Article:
Last updated on June 20th, 2018
Last Updated on June 20, 2018 by Steven Meurrens
As an increasing number of Canadian employers employ foreign workers, and the Government of Canada is taking an increasingly strict approach in enforcing the rules regulating the employment of foreign workers, the issue of how companies can protect themselves when they buy companies that employ foreign workers is becoming increasingly significant.
As well, as explained in detail on the Immigration, Refugees and Citizenship Canada (“IRCC”) website, corporate restructurings, mergers and acquisitions may themselves trigger work permit-related issues for employer compliance.
It is accordingly important for all companies that are considering merging with or acquiring another company to consider whether (a) the transaction will result in the need for new work permits for existing employees and (b) whether the company that will be employing these foreign workers will become liable for any non-compliance of the previous entity.
Understanding the “Successor in Interest” Concept
While the IRCC website is clear that employers become responsible for compliance post restructuring, merger or acquisition, the issue of whether the new employers become liable for previous non-compliance is more nuanced, and depends on whether the new employer has become the “successor in interest” for the portion of the organization where the temporary foreign workers were employed.
A “successor in interest” occurs where the new company or the purchaser substantially assumes the interests and obligations, assets and liabilities of the original owner and continue to operate the same types of business as the original owner. There is no fixed definition of what “substantially assumes” entails, but companies should consider whether the new entity post restructuring, merger or acquisition has assumed the current assets,Read more ›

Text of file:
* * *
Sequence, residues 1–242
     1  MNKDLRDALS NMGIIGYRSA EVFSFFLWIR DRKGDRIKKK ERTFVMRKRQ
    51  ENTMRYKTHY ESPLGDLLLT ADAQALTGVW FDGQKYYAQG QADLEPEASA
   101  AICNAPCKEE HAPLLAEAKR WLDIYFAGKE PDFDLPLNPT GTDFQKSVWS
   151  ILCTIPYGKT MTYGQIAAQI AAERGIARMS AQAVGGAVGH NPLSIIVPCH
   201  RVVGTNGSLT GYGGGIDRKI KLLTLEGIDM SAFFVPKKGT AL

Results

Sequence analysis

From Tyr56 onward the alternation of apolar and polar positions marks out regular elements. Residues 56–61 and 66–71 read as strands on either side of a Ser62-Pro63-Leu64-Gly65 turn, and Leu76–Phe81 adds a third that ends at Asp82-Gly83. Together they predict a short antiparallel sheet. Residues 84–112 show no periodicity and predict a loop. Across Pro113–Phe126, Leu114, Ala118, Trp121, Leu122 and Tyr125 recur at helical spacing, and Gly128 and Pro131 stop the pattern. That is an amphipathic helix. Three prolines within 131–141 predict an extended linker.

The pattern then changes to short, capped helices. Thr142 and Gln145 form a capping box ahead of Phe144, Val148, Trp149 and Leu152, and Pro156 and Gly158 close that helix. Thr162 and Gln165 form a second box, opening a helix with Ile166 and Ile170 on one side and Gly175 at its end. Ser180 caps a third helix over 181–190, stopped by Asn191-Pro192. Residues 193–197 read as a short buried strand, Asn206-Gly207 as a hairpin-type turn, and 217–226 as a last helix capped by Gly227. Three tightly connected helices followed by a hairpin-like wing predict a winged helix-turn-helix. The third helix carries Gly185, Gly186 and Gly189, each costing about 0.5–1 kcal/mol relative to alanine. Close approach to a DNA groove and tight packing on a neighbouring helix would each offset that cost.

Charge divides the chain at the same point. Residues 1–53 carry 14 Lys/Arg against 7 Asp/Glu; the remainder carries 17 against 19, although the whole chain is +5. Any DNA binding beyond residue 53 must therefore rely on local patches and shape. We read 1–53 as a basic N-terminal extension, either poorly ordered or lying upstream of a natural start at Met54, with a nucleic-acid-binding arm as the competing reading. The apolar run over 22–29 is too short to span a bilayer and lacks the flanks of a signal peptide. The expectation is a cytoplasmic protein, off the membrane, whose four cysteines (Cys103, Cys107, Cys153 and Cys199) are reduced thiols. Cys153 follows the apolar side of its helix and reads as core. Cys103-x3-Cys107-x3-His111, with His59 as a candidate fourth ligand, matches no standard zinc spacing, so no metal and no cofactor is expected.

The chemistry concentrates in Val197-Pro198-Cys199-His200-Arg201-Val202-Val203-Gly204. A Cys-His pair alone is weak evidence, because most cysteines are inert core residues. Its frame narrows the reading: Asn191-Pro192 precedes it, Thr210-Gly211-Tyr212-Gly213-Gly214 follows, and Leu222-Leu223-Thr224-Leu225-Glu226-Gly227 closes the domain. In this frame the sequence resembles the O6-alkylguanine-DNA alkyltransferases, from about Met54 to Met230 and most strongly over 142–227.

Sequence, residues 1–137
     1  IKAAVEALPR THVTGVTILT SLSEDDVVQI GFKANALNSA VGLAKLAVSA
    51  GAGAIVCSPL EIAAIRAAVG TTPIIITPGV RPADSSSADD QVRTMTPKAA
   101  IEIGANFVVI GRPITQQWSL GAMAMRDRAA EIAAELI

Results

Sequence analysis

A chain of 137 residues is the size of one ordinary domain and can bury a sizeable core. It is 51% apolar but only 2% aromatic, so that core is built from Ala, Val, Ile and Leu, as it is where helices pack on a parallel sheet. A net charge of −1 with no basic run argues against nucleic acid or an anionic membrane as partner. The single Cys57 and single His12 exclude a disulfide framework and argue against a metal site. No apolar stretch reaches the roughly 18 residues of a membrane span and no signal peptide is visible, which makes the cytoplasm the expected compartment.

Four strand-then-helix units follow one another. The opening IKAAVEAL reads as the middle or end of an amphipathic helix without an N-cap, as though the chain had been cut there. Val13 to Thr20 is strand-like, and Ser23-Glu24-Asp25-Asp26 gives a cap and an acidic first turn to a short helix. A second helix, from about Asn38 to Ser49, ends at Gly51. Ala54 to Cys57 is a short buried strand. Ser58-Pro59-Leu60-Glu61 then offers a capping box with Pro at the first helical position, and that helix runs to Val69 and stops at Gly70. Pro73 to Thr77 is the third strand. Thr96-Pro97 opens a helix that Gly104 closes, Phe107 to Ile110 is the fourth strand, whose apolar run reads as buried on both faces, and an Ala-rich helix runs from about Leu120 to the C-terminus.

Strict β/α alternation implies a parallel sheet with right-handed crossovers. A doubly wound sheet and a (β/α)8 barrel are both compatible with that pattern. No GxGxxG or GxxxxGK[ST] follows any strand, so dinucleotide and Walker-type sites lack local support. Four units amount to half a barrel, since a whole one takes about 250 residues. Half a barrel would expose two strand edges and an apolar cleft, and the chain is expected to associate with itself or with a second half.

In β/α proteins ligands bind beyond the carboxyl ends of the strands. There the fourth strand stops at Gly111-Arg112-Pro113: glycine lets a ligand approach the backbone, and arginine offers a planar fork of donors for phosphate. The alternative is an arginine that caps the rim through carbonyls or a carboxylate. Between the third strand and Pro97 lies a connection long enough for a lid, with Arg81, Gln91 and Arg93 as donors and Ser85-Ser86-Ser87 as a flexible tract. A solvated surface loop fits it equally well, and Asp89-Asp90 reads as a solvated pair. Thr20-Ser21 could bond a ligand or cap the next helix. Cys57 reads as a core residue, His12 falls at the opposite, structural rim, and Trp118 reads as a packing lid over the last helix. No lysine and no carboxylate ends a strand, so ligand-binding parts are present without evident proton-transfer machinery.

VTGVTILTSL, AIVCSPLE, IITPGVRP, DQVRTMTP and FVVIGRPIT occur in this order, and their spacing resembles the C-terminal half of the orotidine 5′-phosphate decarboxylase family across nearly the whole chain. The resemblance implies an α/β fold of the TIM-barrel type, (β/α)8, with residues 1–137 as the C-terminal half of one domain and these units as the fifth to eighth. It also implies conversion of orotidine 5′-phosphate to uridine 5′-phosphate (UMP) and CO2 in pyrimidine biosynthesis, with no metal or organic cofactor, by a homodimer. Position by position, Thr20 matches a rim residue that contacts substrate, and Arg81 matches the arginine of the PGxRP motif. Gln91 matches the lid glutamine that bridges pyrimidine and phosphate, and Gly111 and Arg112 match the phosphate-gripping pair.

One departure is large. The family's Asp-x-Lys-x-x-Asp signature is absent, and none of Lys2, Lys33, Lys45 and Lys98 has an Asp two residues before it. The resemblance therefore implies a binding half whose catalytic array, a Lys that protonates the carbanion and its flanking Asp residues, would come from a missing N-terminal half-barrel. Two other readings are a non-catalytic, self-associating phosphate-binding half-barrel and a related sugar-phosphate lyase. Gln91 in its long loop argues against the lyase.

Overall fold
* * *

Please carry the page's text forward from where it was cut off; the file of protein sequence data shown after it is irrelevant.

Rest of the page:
Last Updated on March 27, 2018 by Steven Meurrens
Canada’s Immigration and Refugee Protection Regulations (the “IRPR“) states that a work permit application must be refused if an officer determines that the offer of employment is not genuine.
Section 200(5) of the IRPR states that in order to determine whether an offer of employment is genuine an officer should consider (a) whether the offer is made by an employer that is actively engaged in the business in respect of which the offer is made, (b) whether the offer is consistent with the reasonable needs of the employer, (c) whether the terms of the offer are terms that the employer is reasonably able to fulfill, and (d) the past compliance of the employer with federal or provincial laws that regulate employment.
Immigration, Refugee and Citizenship Canada’s (“IRCC“) guidelines contain extensive instructions to officers on assessing the genuineness of the offer of employment on a work permit application.
In order to demonstrate that an employer is actively engaged in the business an employer must do all of the following:
- have an operating business;
- provide either a good or a service; and
- have a physical work location in Canada where the temporary worker will work.
The following are some red flags that can trigger an in-depth assessment of whether a company is actively engaged in the business.
- the business information in the offer of employment raises concerns with respect to the organization’s active engagement in a business (such as being less than 1 year old);
- there is negative publicly available information regarding the organization; and
- previous work permit applications were refused because officers had concerns about whether an employer was actively engaged in the business.